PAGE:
ask mike reinold show

Steph Curry’s Hip Hinge and Two Areas NOT to Use Self Myofascial Release

On this episode of the #AskMikeReinold show we talk about examination tips for students, do pro athletes like Steph Curry move well, and where NOT to apply self myofascial release. To view more episodes, subscribe, and ask your questions, go to https://mikereinold.com/askmikereinold.

#AskMikeReinold Episode 19: Steph Curry’s Hip Hinge and Two Areas NOT to Use Self Myofascial Release

Listen and Subscribe to Podcast

You can use the player below to listen to the podcast or subscribe. If you are enjoying the podcast, PLEASE click here to leave us a review in iTunes, it will really mean a lot to us.  THANKS!

4 replies
  1. Vien Duy Vu
    Vien Duy Vu says:

    What model kicks is Lenny sporting? Stylin! Serious question. Love your podcast/show

  2. Matthew Fothergill
    Matthew Fothergill says:

    Hi guys,

    Regarding releases for psoas and subscapularis, in your opinion, could there theoretically be a benefit of myofascial release to those muscles if potential of damaging nerves or vessels were not a concern? I’m curious because I find that there have been times I’ve seen potentially very useful interventions removed from a plan of care as a result of lack of confidence on the practitioners part that they will not cause further or unrelated damage, or as a result of not believing something will work for their goals simply because they have been implementing that intervention inefficiently or with a different scope. In my experience, this phenomenon is very common in therapeutic exercise, and as I further my education in manual techniques, I wonder if it carries over.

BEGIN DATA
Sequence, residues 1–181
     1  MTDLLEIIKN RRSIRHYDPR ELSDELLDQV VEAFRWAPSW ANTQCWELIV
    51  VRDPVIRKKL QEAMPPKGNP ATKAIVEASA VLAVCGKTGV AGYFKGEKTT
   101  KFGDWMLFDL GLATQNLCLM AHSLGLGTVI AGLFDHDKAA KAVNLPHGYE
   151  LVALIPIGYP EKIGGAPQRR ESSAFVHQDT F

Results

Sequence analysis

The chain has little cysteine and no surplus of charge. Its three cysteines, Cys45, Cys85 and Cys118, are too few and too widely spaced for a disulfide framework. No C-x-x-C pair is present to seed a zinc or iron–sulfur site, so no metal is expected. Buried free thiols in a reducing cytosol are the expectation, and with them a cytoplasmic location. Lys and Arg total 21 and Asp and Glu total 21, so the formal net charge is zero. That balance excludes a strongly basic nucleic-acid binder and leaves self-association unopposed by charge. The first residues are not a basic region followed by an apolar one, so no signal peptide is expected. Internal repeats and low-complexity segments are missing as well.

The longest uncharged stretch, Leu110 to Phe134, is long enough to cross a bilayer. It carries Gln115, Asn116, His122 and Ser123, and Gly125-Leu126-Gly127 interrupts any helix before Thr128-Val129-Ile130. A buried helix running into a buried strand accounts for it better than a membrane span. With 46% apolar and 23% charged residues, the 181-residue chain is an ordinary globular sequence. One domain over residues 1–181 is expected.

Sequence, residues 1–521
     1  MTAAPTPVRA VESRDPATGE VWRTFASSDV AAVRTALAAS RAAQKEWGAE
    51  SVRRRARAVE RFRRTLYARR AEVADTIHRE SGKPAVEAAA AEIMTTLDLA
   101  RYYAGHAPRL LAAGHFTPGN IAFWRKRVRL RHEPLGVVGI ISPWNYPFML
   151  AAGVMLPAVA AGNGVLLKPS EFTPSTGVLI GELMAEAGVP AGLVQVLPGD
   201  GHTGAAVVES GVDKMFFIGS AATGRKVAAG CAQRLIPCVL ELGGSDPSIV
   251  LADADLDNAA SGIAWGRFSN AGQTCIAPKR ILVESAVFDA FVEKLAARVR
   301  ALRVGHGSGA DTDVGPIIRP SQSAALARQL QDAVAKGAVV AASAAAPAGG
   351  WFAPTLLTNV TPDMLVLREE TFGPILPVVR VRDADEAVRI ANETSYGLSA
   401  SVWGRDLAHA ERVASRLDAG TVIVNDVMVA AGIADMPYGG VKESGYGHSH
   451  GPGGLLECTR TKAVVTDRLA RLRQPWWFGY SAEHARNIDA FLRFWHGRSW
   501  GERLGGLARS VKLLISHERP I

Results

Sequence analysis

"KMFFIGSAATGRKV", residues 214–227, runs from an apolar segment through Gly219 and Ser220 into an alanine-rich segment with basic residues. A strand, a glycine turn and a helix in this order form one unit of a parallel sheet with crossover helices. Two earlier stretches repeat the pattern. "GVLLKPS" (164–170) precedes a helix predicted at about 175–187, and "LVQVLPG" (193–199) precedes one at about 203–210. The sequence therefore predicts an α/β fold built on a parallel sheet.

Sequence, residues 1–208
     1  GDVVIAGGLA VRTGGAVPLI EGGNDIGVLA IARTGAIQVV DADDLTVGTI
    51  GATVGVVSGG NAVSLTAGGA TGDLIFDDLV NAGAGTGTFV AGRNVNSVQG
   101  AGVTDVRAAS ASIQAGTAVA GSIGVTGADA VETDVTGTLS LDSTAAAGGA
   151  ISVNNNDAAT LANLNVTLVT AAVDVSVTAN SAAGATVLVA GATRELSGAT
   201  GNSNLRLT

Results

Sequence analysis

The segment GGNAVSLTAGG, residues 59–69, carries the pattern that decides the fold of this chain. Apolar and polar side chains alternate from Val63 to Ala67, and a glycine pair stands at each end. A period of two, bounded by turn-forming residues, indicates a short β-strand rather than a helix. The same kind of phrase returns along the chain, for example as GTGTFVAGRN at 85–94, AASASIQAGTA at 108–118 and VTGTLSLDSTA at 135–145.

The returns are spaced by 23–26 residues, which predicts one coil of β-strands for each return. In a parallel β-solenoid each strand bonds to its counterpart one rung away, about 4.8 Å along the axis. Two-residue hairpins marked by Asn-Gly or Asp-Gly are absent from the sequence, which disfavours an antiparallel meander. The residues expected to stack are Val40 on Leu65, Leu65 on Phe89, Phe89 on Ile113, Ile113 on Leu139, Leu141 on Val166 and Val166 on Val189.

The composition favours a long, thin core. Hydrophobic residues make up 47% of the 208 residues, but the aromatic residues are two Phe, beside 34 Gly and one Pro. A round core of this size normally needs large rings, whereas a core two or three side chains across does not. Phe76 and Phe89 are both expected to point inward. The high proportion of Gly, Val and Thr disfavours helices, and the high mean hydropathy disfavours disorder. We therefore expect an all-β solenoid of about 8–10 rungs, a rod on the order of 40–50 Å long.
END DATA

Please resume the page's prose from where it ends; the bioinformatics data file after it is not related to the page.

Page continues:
The Steph Curry conversation is a fun one as well. It’s exciting to see recognition of complex dysfunction get some publicity and love on a large scale. With Curry’s most recent injury, which happened after that article proclaimed that the hip hinge was the solution to his movement dysfunction, I’d be interested in hearing your thoughts on what healthcare professionals may still be coming up a bit short on in evaluating and intervening with complex movement dysfunction. One of the apprentices I work with wrote a nice piece outlining how we look at this type of dysfunction. We’d love to put our heads together about the topic and keep moving forward in understanding the most complicated machines that exist, our own bodies!

    Here’s Aaron’s take on Curry’s movement, through a Musculosystematic Engineering lens: http://www.bostonsportsinstitutes.com/blog/2016/04/27/Steph-Currys-Ankle-Issues-An-Addendum.aspx

    Best,
    Matt

      • Matthew Fothergill
        Matthew Fothergill says:

        100% agree! And that brings up an excellent point about interventions in general, in that even though it may be routine and seemingly mundane to us as professionals, there are a myriad of intricacies that, if left to chance, could lead to danger. I love and am excited about the challenge posed by the fact that this applies to all parts of a home program, from stretches to icing to exercise to literally anything else. Do you find in your practice that there are unique processes for communicating about how they are implementing different parts of their home program? For example, if you’d noticed a patient dysfunctionally performing a complex movement pattern, would a similar commentary arise as does when you talk about self myofascial release? Would it become a total no-no to do that movement at home?
        Looking forward to hearing your thoughts!
        -Matt

Comments are closed.